I don’t know what to make of the way Microsoft handles Windows Mobile. You can’t look anywhere on the web without finding some information pointing to how far Windows Mobile is slipping behind the competition. Even enthusiasts, who regularly try to make sense of the direction […]


I don’t know what to make of the way Microsoft handles Windows Mobile. You can’t look anywhere on the web without finding some information pointing to how far Windows Mobile is slipping behind the competition. Even enthusiasts, who regularly try to make sense of the direction that WinMo is headed, keep getting beat back by the gang in Redmond.

I watched Steve Ballmer’s keynote address at the CES last week, and I kept waiting to hear him say something, anything, about Windows Mobile 7. That’s the next major version of WinMo after all, and all indications are it should be released this year. All I can recall from Ballmer’s keynote is how happy he was to show the HTC HD2, and how proud he was that it is coming to the U. S. Um, Steve, that phone’s been out in Europe for months. It runs Windows Mobile 6.5. There’s nothing new here.

How far out of touch is Microsoft with how to get WinMo 7 on track? This story on Betanews sums it up. It seems they interviewed Windows Phone Senior Marketing Manager Greg Sullivan at the CES, and they assumed the discussion concerned Windows Mobile 7. After all, what else would Microsoft be talking about that would get announced at the Mobile World Congress (MWC)?

Today Betanews was contacted by a spokesperson for Microsoft who “asked us to reiterate that, while we were given an overview of the direction of Windows Phone, we were not speaking specifically of Windows Mobile 7.

The spokesperson did not go into further detail as to which product the interview did concern.”

So on the surface it seems that Microsoft not only doesn’t want anyone to think that Windows Mobile 7 will be discussed at the MWC next month, they in effect are issuing “takedowns” to those who say they will be discussing WM7. Is it any wonder that Windows Mobile is floundering so badly?

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  1. What’s a “Windows Mobile”? Is that like that “Pocket PC” thing back in the day?

    Microsoft either needs to fold WM into the Zune (or Xbox) line or just drop it all together. They’re showing less software innovation these days than RIM, and that’s saying something. Google and Apple own the smartphone mindshare, and RIM is coasting along on installed base (not unlike the Microsoft of a few years ago). Everyone else (Microsoft, Palm, Symbian) is an also-ran.

  2. The problem with Windows Mobile related posts on this site is that they attract stupid comments like Jeff’s above.

    I expect Microsoft are going to announce WM7 at MWC but I also think they’re just trying really hard to control the flow of information. We’ve already seen them try this strategy successfully prior to the release of the Windows 7 Beta and I think they’re trying to repeat it. It could be to build hype or it could be to try and give them a clear development run free of media distractions. The only thing that we can say for certain is that all will be revealed in a few weeks.

    It’s interesting that you and other bloggers should get so frustrated by the lack of information coming out of Redmond but be quite happy to put up with the same thing from Apple. The old Microsoft was happy to release more than enough information well ahead of a release date but I think you’ll probably have to get used to the fact that that’s not going to happen as much any more as they attempt to control their PR better.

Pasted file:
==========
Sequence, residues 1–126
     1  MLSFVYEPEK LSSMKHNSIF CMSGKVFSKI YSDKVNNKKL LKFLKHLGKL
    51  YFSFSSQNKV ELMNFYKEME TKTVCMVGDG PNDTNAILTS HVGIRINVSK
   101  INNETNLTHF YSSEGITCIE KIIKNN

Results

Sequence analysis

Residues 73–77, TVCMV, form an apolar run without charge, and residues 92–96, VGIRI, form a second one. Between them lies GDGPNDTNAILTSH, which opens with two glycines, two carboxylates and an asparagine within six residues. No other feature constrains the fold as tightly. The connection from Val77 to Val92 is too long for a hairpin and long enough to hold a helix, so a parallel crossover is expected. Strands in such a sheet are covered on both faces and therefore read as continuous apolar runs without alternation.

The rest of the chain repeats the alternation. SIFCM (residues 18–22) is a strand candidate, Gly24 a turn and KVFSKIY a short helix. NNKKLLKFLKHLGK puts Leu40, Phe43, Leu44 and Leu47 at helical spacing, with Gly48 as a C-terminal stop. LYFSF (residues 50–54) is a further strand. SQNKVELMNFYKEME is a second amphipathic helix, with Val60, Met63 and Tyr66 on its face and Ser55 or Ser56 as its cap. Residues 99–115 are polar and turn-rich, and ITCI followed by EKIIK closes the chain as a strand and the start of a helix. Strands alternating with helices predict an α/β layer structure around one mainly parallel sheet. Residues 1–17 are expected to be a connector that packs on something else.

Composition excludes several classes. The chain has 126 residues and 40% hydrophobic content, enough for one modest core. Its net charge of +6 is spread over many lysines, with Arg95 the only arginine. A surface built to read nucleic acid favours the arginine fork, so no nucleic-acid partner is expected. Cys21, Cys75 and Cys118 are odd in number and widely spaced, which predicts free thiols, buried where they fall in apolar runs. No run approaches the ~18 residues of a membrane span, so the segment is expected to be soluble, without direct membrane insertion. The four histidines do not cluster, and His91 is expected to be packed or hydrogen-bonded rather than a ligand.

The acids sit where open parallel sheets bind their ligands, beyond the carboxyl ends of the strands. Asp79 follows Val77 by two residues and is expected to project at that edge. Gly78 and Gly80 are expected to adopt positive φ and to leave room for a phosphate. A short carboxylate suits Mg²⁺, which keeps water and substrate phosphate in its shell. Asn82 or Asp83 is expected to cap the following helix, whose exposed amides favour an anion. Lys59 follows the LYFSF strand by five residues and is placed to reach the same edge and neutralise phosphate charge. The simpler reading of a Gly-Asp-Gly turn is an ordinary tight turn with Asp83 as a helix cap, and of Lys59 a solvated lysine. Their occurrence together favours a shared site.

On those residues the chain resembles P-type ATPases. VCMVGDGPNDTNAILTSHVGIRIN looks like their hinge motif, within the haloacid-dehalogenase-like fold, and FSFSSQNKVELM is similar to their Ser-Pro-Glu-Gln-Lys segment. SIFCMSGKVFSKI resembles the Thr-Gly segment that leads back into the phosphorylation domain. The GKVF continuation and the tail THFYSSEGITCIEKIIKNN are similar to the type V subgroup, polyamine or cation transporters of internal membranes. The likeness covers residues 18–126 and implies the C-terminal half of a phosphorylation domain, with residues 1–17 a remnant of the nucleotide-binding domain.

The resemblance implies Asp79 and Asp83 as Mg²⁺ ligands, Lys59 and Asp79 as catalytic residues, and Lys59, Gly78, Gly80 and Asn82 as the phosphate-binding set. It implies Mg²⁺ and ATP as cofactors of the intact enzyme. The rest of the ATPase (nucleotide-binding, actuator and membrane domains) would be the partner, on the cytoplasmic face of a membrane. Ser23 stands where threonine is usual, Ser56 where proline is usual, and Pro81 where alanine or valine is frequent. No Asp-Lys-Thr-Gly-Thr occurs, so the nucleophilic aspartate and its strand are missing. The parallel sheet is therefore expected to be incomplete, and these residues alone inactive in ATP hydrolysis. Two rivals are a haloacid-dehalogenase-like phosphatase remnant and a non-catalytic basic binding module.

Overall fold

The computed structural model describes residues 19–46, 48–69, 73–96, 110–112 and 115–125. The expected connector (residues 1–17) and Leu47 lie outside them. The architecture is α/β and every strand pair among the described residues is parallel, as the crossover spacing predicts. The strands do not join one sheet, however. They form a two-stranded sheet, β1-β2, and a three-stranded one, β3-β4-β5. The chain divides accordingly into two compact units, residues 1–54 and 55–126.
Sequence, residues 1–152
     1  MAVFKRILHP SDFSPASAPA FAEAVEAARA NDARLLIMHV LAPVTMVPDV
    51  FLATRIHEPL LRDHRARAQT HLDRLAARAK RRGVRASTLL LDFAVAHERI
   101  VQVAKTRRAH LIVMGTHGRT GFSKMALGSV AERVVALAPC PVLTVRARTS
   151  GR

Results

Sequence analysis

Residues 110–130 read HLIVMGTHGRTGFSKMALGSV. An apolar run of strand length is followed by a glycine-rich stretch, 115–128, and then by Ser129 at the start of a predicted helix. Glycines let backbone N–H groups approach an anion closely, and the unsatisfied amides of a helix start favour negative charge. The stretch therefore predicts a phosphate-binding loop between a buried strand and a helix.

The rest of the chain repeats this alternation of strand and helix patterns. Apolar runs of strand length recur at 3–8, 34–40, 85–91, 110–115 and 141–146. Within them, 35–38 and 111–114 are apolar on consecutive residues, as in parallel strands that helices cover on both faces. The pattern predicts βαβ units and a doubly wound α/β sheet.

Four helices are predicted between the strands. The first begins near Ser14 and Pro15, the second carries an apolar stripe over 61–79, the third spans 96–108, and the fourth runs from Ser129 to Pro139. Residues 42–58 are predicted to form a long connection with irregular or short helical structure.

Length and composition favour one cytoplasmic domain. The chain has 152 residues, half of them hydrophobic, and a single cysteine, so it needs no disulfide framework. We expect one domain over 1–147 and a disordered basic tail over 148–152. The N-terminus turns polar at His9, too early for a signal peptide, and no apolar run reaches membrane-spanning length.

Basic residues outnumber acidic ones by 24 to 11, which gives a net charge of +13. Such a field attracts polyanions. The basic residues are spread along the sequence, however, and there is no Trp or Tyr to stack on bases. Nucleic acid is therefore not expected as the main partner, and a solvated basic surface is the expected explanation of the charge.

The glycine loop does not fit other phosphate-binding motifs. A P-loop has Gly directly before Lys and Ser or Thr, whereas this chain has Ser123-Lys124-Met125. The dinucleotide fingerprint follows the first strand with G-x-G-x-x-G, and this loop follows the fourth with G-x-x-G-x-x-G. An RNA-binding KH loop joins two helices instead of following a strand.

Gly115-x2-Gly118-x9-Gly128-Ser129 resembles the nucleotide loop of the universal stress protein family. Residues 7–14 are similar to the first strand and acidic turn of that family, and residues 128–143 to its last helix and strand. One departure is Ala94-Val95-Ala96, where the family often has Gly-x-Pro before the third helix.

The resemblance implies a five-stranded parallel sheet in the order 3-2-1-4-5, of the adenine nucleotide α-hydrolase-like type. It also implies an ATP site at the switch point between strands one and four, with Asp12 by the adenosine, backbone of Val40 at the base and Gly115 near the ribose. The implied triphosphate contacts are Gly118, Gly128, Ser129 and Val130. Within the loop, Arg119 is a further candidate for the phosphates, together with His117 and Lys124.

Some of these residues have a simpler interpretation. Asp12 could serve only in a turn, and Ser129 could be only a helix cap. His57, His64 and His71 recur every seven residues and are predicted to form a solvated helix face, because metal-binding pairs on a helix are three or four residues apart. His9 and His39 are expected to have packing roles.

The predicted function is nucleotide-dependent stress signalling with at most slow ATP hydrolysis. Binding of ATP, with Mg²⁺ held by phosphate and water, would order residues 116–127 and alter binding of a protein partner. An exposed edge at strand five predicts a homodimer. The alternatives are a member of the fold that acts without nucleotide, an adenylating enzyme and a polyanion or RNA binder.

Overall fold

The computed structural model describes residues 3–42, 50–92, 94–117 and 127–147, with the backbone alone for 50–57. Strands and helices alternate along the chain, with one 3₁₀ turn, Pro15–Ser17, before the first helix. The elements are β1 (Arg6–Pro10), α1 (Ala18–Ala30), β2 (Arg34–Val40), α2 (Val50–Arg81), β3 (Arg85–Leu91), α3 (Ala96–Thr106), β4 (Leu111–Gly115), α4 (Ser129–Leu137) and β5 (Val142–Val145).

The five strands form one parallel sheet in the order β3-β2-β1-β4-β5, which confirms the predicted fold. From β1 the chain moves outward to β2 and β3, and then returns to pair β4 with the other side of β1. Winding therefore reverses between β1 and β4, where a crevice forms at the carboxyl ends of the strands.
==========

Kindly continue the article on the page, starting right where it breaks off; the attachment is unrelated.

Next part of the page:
I’m not sure you’re right to form a link between the lack of detailed information that’s currently available and the wider failings of the platform.

    1. I am simply forming a link between a horrible public image and the lack of desire for MS to correct that if they can. Nothing more. Apple’s lack of sharing is indeed frustrating, but there is a big difference between refusing to provide advance information from a position of strength, and keeping quiet when you are dropping further behind the competition. A very big difference, and thus my frustration as a long-time WinMo user.

      1. Maybe. You can’t deny that the strategy worked for Windows 7 though and they weren’t in a position of strength at that point either.

        One thing’s for certain – WinMo is certainly getting lots of attention at the moment and some of that is better than anything they’ve received for a long time.

        One other thing about the HD2 – it may have been old news as far as the rest of the world is concerned but it was still worth advertising to an American audience at CES. This is a big selling phone that’s getting a lot of publicity here in the UK and it’s sure to do well once it’s released in the US. Android may have greater mindshare at the moment but it looks like initial HD2 sales in Europe alone still eclipsed subsequent Nexus One sales in the US.

      2. James, I respect your opinion. I’m wondering what is it that the other OS’s do that you as a power user really need? I find av lot of the stuff on the other platforms seem to be fluff – stylish interfaces and finger friendliness but for the applications that can make me productive are really WinMo devices falling behind?

    2. The frustration lies with the fans of WIndows Mobile rather than most of us. I am more inclined to Apple’s OS or the competing Android and am not that interested in the other platforms. Why? Because they are not going to catch up to a shifting market.

      Palm, Nokia and Microsoft need to get the 80% part right. This means developing a solid, consistent interaction model. This will push past Android! And, developing the three or four things that people really want. I didn’t use apps on the iPhone for nearly a year other than Google search and maps. The browser is top notch! There is the key…